The Cypriot is a powerful story of love across a divide of religion and identity, of passionate loyalties and heart-rending choices.
It is the 1950s: Cyprus is under British rule. The struggle for freedom begins. To the Orthodox Christian majority, freedom means enosis – union with Greece. To the Muslim minority, enosis means disaster. Andonis, a Christian, struggles for his own freedom: to be a tailor and escape a life in his father’s fields; to be a Cypriot and be with his forbidden Muslim love. At stake are family and friendships, beliefs and traditions, village and homeland.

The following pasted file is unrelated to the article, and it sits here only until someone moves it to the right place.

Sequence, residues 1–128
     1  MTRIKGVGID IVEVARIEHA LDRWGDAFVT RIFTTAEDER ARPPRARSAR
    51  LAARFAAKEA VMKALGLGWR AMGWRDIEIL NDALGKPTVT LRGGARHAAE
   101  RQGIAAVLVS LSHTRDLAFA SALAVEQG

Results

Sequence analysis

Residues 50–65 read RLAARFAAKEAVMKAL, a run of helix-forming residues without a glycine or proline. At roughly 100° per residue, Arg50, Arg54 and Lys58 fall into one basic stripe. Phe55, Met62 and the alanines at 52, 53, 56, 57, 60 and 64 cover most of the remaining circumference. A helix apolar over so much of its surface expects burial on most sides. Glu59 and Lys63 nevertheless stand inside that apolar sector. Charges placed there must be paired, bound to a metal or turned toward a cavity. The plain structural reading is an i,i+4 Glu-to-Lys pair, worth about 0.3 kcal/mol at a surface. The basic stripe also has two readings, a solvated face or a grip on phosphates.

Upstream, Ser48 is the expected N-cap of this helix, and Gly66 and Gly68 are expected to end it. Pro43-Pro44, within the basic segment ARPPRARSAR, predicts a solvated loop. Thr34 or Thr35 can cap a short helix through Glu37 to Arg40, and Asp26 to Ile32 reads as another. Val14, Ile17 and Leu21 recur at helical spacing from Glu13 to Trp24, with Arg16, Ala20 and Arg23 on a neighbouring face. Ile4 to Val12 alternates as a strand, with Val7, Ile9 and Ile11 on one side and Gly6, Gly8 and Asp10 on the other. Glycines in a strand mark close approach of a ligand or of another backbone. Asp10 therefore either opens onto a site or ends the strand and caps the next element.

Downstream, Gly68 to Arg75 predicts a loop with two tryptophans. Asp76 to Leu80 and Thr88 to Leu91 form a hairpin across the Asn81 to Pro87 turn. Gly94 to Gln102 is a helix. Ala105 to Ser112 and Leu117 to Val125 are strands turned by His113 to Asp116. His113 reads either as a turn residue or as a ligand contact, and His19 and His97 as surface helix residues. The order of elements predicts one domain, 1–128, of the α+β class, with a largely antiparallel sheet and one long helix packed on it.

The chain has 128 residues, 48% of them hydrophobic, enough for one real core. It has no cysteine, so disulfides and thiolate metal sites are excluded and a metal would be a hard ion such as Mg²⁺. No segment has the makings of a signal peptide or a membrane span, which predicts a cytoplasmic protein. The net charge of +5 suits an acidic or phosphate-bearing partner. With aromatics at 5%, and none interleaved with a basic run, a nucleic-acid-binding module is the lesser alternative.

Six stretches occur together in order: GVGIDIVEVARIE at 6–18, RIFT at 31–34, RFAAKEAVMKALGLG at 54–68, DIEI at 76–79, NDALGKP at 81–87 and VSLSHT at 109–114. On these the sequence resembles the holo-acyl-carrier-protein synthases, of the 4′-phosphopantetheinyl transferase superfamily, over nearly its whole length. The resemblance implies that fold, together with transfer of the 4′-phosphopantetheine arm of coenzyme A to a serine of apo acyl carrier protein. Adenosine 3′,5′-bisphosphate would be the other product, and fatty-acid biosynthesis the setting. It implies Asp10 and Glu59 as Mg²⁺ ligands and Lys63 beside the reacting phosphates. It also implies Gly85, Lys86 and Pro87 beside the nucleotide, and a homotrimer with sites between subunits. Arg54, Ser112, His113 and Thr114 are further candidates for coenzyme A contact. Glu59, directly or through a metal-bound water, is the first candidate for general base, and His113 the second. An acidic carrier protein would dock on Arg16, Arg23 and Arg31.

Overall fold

The novel builds to a climax in the Turkish invasion of 1974, an event whose impact is still felt regionally and globally. This is a gripping story of a community torn apart by outside forces, of mistrust and bloodshed fuelled by international politics. It gives the background to the partition and acrimony that still exist in Cyprus, now reappearing on news agendas with an EU angle, following Cyprus’s accession and the start of Turkey’s membership negotiations.